Two new papers have been published investigating how eggs could offer an opportunity to increase protein intake and help prevent muscle decline in older people, based on research by a team at Bournemouth University, part-funded by the British Egg Industry Council.
Protein is needed for the growth and repair of body cells and tissues; as people age, loss in muscle mass and strength (sarcopenia) can increase protein requirements. An adequate intake of high quality protein from sources such as eggs could help to prevent the degeneration of skeletal muscle.
The researchers noted that as a nutrient-dense, high quality source of protein, of soft texture and easy to cook, eggs are an ideal food for older people. However, UK National Diet and Nutrition Survey (NDNS) data show that current intake of eggs and egg dishes in older adults is only 2% of daily total energy intake, and only 3% of average daily protein intake.
The new research projects considered a number of potential strategies which may help increase egg consumption in older age groups.
The first paper, published online in September in the Journal of Nutrition in Gerontology and Geriatrics, entitled Could Eggs Help Increase Dietary Protein Intake in Older Adults? – Exploring Reasons for the Consumption and Non-Consumption of Eggs in People over 55 years old, identifies reasons for eating or not eating eggs in a sample of 42 British adults over the age of 55 years.
Many of the reasons apply to food intake in general, or to other protein-rich foods, but some were specific to eggs and the older population, including: the properties of the food (such as texture and flavour) and convenience (culinary skills, effort and time to prepare) combined with physical health/abilities (eating abilities, sensory abilities, and physical abilities).
One of the authors of the paper, Katherine Appleton, said: “The number and range of reasons provided for eating or not eating eggs are interesting, but the comments that combine the characteristics of eggs with the impacts of age on eating are particularly valuable.”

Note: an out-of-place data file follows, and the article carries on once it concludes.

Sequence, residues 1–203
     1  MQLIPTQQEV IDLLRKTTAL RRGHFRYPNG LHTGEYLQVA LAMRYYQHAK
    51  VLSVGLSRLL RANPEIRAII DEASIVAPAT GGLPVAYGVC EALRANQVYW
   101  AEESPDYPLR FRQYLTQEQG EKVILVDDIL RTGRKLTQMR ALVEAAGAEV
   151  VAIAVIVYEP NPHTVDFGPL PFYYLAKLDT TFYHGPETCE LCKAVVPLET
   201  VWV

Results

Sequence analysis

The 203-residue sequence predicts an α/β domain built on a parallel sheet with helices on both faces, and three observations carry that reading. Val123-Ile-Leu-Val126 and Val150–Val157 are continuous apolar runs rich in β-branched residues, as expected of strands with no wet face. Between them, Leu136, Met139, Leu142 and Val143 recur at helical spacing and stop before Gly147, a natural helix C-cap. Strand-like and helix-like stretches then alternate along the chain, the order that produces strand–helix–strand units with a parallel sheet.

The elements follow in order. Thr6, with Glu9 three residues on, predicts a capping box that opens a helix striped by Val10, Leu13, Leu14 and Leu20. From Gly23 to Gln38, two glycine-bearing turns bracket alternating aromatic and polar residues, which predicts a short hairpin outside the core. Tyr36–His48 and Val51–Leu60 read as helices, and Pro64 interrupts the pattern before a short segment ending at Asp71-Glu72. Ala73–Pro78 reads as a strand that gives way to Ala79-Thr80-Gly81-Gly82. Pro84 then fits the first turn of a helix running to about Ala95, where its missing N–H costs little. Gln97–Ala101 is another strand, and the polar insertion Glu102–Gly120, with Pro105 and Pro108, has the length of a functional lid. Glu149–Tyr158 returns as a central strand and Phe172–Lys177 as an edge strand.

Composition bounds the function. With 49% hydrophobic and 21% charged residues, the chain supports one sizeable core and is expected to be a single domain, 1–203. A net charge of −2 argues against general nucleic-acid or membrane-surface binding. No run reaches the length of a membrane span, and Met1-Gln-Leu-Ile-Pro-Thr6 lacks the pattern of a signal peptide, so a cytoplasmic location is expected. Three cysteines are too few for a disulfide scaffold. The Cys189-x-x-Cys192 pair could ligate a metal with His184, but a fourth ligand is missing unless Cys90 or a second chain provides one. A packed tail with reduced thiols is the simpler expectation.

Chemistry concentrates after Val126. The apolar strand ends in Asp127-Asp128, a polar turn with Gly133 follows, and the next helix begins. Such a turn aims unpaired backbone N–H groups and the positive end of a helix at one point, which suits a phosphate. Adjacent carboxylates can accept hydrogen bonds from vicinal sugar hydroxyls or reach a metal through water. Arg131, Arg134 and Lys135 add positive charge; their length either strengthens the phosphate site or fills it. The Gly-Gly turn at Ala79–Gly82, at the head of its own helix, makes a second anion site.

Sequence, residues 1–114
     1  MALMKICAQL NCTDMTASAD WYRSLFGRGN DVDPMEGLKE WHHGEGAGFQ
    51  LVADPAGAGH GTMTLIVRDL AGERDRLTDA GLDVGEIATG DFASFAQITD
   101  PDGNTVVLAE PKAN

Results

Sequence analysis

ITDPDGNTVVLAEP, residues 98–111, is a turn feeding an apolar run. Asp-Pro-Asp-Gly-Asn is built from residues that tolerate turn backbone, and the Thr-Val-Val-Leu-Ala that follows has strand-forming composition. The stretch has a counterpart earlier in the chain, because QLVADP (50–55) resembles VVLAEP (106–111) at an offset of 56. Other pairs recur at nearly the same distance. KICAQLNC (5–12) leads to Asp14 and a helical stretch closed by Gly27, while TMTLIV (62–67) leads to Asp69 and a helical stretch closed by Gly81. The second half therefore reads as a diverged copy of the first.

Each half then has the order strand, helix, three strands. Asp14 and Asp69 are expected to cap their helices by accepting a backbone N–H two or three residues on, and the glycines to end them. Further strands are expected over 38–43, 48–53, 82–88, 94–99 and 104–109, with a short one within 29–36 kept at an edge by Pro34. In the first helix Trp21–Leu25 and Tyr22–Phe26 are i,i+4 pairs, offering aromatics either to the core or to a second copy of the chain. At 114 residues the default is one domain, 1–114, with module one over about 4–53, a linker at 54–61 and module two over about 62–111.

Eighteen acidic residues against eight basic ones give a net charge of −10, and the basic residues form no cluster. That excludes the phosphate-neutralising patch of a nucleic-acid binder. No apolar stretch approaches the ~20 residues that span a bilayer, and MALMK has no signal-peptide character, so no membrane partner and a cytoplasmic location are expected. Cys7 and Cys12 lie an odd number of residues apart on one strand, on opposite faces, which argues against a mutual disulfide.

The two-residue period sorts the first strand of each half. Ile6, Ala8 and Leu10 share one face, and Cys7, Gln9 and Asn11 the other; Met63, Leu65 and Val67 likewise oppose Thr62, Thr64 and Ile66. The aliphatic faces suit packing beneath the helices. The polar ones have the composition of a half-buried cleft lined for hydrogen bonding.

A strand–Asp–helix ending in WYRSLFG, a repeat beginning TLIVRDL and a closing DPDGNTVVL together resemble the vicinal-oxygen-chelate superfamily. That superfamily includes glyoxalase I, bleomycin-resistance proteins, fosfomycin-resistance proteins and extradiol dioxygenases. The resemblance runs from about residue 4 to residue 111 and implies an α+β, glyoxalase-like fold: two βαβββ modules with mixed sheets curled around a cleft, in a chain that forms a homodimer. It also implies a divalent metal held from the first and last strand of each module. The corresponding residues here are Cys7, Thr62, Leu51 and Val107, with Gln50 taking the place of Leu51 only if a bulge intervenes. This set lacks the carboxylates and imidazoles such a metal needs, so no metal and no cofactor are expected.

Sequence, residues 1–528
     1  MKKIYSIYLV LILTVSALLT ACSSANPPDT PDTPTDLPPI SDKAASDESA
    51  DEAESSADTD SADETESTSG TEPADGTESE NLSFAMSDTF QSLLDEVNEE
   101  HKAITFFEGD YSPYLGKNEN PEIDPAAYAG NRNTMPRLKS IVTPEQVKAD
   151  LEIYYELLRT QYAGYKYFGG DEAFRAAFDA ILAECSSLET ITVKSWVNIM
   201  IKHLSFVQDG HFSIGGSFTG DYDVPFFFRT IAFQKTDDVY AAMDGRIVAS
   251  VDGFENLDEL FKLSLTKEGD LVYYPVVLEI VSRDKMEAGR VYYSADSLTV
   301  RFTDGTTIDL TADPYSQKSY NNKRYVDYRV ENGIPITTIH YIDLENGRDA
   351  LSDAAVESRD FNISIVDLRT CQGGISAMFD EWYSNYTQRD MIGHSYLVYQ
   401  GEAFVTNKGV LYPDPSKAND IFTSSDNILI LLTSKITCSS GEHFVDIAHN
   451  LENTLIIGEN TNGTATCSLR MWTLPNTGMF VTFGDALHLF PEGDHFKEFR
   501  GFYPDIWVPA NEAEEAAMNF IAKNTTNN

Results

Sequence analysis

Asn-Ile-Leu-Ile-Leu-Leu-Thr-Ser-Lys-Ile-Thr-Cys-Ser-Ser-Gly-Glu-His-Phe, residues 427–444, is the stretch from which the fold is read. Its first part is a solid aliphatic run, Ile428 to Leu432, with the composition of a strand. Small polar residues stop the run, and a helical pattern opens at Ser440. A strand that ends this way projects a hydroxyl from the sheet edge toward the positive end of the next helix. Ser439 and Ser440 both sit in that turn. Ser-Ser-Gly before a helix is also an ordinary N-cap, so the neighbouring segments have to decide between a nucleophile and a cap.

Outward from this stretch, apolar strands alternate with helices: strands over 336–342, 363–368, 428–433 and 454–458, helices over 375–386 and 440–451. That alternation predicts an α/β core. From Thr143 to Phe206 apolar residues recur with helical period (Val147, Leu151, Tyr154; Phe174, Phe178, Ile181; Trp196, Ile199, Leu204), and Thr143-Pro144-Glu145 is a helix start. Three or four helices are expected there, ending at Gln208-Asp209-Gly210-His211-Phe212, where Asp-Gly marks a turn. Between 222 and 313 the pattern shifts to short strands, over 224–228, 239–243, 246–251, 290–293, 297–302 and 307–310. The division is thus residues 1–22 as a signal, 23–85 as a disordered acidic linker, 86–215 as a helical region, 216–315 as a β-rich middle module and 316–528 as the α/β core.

Sensory analyses with older adults have previously shown that eggs were popular for their soft texture. Moreover, for foods that are difficult to chew like meat, the chewing ability of older adults as well as the processing method (minced beef vs beef steak) can affect the postprandial digestion and absorption rates of the protein, meaning that even when people do eat meat they may not benefit optimally from the protein provided.
Eggs are also notably much easier to prepare than many other protein-rich foods, and ease of preparation in terms of effort and time as well as skills and abilities was specifically mentioned by some of the participants in the study.
The second paper, Towards a Food-Based Intervention to Increase Protein Intakes in Older Adults: Challenges to and Facilitators of Egg Consumption, published online in October in Nutrients, reports on the findings of a detailed questionnaire on egg intake and eating habits, completed by 230 older adults across the UK.
Strongest associations were found between a higher habitual egg intake and greater liking and/or greater agreement that eggs are tasty and add variety to the diet; higher agreement that eggs are an everyday type of food; less agreement that a certain type of person eats eggs; and greater agreement with eating less with ageing.
Studies have shown that improving flavour by adding spices, flavour enhancers or sauces can increase intakes of protein-rich foods in older adults. Associations with agreement that eggs are an everyday type of food would suggest a benefit from promoting eggs in this manner.
The findings also suggest that there are two different types of high egg consumer — those who consume a lot of eggs on a habitual basis in specific (regular) circumstances and those who consume eggs in a lot of dishes and recipes. These findings suggest benefit from recipes for novel dishes, to increase taste, flavour and variety, to encourage egg intakes in older adults, and to include those who prefer a more habitual consumption, simple everyday recipes that involve well known combinations of eggs and other foods, such as bacon or ham, may be particularly successful.
Additional findings demonstrating an association between habitual egg intake and less agreement that eggs are good value for money are surprising, but it is possible that individuals do not want to admit value – or cost-based judgements. The findings, however, suggest that strategies that promote value-for-money may be counterproductive.
Findings related to lower agreement that eggs may increase cholesterol or risk of heart disease suggest that campaigns that continue to address misconceptions that eggs are associated with specific health risks may be beneficial.
Katherine Appleton comments: ‘Our results suggest that strategies to increase egg consumption should focus on: improving tastiness and adding variety; promoting eggs as an everyday type of food; reducing stereotypes about who does and who does not consume eggs; and promoting eggs for people who have noticed the effects of ageing on their food intake.’
The researchers concluded that future work evaluating the value of these strategies for increasing protein intake in this age group would clearly be of value.